A Guide to Avoiding Predatory Publishers
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- Principles of Transparency and Best Practice in Scholarly Publishing (Committee on Publication Ethics)
Conferences are designed to share research, network, and to collaborate with peers. Predatory conferences try to take advantage of this by reaching out and promising conferences in exciting locations. The details about the conference are usually very vague and the research topics are very general. They are designed to entice potential attendees into spending money on a conference that doesn’t exist.
The email invitation for a predatory conference is very similar to a predatory journal one: flattering and intimidating. While some conferences may be expensive to attend to, they often offer low-cost options for students or society members. Legitimate academic conferences sometimes also offer to cover part of the costs for the guest or keynote speakers to attend the meeting/conference. Predatory conferences on the other hand, invite you to present your work while paying high fees with no option to lower costs. Additionally, they may invite you to be part of a discussion panel or a roundtable with no offer to cover costs.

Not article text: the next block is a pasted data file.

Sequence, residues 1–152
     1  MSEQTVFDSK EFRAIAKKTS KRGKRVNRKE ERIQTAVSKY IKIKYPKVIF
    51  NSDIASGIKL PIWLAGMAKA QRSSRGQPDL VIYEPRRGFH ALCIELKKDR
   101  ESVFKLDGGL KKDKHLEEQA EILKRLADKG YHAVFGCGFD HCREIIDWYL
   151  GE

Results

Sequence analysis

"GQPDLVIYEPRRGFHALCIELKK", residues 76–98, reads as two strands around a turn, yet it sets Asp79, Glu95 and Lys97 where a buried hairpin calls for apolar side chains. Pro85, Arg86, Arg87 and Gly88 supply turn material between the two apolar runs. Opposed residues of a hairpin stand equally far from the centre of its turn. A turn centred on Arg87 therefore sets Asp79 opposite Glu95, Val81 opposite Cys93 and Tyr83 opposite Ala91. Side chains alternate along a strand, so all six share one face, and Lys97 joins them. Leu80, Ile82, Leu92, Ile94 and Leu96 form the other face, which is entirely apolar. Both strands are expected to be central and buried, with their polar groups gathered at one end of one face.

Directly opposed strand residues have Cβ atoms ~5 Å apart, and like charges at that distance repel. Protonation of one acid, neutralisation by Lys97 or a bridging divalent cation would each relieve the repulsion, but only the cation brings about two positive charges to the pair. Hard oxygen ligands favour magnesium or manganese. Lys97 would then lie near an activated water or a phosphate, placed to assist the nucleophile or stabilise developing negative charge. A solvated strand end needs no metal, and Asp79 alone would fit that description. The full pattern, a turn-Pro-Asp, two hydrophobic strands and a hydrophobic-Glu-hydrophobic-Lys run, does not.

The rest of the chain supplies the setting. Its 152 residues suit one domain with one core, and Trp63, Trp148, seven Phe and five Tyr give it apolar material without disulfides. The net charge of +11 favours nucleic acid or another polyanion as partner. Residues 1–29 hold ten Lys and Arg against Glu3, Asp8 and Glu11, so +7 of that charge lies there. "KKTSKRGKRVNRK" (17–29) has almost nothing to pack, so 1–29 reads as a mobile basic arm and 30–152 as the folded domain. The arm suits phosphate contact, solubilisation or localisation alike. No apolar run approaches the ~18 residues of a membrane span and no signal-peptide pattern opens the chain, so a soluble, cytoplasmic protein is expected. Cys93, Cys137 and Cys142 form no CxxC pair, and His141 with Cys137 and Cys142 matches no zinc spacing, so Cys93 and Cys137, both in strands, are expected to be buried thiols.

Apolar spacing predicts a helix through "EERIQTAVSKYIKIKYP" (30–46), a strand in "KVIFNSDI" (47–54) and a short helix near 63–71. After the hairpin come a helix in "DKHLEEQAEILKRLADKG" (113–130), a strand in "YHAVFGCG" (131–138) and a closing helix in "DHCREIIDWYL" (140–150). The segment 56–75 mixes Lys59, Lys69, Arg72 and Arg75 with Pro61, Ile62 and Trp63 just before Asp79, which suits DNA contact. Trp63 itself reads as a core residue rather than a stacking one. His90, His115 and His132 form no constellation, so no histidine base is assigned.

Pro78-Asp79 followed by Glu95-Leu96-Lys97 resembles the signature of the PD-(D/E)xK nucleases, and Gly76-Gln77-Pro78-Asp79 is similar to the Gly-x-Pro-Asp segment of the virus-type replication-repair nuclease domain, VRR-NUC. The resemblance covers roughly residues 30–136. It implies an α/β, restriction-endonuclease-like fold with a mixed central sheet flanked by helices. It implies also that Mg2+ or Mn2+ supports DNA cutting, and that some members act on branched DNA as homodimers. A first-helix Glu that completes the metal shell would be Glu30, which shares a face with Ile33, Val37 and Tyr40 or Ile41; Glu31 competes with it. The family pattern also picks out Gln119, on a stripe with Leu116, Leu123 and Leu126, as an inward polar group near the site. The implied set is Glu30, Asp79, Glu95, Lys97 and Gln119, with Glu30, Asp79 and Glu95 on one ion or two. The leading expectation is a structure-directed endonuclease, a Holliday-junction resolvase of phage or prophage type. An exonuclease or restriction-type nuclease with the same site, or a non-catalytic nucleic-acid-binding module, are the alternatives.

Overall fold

Before submitting a proposal or registering for a conference, use the Conference Evaluation Tool created by Emme Lopez & Christine S. Gaspard to assess if a conference is predatory or not. To learn more about this tool, please refer to: Lopez, E. & Gaspard, C.S. (2020). Predatory publishing and the academic librarian: Developing tools to make decisions. Medical Reference Services Quarterly, 39(1), 1-14, https://doi.org/10.1080/02763869.2020.1693205.
If you have further questions or concerns about predatory conferences, contact your Subject Librarian for more information.